South Korea question anti-North protestors accused of sending 'propaganda balloons' over border

30 June 2020, 08:47

The North-South Korean border
The North-South Korean border. Picture: PA

By Maddie Goodfellow

South Korean police are questioning two activists accused of raising tensions with North Korea by sending propaganda balloons and plastic bottles filled with rice across the border.

Park Sang-hak, a North Korean refugee, has floated anti-Pyongyang leaflets by balloon across the land border, while his brother Park Jung-oh, has floated bottles filled with rice across the sea boundary.

Police raided the offices of the Park brothers last week and confiscated leaflets, account books, mobile phone data, computer files and other materials related to their activities.

An officer said further investigations are needed before determining whether the brothers should be charged with a crime.

North Korea raised Park Sang-hak's long propaganda campaign and South Korea's failure to prevent it earlier this month before it blew up an empty liaison office on the North's territory and threatened to take other provocative steps.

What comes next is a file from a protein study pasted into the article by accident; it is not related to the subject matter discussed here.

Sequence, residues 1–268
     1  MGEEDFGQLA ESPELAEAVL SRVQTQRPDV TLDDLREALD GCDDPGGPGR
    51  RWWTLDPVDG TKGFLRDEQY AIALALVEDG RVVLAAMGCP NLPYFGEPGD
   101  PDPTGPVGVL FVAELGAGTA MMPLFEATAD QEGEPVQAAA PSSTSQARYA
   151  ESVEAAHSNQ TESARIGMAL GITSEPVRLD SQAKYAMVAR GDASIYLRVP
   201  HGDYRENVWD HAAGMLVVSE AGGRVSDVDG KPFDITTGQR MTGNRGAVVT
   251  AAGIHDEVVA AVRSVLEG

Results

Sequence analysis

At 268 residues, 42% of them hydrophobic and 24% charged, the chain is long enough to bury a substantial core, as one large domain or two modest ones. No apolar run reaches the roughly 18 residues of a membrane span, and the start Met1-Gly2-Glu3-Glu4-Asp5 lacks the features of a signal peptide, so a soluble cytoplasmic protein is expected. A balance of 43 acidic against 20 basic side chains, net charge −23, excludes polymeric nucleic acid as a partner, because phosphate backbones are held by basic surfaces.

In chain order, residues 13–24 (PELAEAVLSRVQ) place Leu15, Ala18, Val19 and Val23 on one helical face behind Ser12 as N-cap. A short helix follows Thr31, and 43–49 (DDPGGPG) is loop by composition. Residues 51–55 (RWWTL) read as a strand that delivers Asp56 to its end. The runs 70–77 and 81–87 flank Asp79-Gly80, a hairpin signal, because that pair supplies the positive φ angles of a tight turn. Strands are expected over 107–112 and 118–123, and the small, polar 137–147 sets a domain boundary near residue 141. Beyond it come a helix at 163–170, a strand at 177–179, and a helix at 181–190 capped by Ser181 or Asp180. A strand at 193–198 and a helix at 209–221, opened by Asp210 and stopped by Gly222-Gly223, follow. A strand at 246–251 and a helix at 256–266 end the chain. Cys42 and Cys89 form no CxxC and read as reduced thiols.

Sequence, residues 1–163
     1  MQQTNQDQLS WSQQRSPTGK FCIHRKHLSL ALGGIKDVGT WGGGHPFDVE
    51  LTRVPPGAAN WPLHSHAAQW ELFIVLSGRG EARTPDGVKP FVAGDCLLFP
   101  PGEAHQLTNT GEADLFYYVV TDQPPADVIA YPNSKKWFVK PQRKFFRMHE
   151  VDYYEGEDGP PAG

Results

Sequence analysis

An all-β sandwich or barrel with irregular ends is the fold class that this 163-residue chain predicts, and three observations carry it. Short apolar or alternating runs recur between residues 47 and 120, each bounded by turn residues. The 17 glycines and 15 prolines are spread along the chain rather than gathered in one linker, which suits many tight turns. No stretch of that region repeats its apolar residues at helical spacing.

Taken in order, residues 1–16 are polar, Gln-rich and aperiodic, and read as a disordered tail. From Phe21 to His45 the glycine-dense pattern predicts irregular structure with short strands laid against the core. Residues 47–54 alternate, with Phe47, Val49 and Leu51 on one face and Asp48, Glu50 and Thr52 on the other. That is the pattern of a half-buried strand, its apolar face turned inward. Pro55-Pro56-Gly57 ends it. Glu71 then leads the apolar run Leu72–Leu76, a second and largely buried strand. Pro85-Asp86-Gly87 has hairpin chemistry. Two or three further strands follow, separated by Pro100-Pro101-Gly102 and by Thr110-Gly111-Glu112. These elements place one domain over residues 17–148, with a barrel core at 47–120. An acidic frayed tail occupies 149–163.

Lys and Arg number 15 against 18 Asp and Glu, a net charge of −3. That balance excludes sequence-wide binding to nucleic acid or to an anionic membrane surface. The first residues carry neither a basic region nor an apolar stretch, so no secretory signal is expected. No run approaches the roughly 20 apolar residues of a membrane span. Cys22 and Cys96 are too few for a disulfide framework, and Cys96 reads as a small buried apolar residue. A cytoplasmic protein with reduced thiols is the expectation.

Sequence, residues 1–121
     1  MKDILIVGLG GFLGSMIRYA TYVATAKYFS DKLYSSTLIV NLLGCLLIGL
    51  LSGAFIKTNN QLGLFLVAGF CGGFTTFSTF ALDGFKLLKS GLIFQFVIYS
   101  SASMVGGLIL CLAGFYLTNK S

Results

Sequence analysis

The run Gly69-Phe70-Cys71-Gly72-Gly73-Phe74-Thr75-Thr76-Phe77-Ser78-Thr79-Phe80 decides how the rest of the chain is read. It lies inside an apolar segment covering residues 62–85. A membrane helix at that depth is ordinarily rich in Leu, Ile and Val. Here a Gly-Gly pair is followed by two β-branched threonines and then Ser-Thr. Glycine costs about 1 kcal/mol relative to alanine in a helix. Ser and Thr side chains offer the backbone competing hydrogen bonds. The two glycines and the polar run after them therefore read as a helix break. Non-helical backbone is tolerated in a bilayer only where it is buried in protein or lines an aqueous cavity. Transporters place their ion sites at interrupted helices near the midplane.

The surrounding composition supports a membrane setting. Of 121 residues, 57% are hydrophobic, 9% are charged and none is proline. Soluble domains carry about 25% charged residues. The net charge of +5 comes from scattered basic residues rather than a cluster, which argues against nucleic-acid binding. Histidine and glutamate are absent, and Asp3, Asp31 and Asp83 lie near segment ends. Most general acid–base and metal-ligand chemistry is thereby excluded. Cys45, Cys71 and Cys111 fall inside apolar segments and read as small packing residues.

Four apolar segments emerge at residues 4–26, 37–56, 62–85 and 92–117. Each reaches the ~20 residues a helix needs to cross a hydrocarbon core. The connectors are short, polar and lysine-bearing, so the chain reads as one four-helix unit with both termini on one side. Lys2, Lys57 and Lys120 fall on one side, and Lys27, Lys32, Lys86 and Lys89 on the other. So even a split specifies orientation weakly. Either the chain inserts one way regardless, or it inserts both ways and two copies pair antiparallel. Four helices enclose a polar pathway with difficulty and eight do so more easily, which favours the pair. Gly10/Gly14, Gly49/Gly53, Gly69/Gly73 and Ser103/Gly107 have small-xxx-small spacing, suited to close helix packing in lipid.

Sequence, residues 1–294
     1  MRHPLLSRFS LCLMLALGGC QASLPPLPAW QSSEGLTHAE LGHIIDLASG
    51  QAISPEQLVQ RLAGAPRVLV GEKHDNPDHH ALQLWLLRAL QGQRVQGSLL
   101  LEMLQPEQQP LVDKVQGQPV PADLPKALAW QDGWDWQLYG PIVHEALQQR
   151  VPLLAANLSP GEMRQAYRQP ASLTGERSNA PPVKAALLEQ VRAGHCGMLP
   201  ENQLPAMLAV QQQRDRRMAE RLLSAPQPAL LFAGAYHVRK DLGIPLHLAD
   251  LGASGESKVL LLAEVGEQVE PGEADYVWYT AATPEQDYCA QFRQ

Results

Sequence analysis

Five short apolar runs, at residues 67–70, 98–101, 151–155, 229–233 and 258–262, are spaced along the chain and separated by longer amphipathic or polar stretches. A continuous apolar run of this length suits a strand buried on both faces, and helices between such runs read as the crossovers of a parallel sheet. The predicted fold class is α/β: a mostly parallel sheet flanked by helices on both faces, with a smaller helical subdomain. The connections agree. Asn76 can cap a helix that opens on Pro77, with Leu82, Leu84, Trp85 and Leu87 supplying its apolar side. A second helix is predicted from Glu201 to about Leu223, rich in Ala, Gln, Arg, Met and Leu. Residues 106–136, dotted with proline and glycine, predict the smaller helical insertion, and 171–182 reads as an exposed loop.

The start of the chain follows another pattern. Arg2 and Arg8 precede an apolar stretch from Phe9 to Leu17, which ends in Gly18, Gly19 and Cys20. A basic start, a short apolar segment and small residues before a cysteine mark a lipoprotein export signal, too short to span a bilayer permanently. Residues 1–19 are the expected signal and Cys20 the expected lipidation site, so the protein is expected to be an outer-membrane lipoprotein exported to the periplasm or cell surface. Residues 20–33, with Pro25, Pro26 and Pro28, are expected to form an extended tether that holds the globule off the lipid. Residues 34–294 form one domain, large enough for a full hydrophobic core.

South Korean officials later called for police to investigate the Parks and other activists for raising tensions and potentially endangering residents living near the border.

Authorities in one province that borders North Korea have also accused several activist groups, including those of the Parks, of fraud, embezzlement and other charges over their donation activities.

South Korean President Moon Jae-in (centre)
South Korean President Moon Jae-in (centre). Picture: PA

The moves against the activists have invited criticism that President Moon Jae-in's liberal government is sacrificing democratic principles to try to repair deteriorating ties with North Korea.

After his office was raided on Friday, Park Sang-hak told reporters that he would keep sending leaflets toward North Korea to inform people there about their authoritarian government.

He also accused the South Korean government of "gagging its people and destroying freedom of speech after succumbing" to North Korea.

Tensions eased slightly last week when North Korea announced it would put off planned steps to nullify reconciliation deals it previously reached with South Korea.

Some experts say North Korea has been intentionally raising tensions as part of a strategy to gain outside concessions at at time when it is facing worsening economic troubles caused by US-led sanctions and the coronavirus pandemic.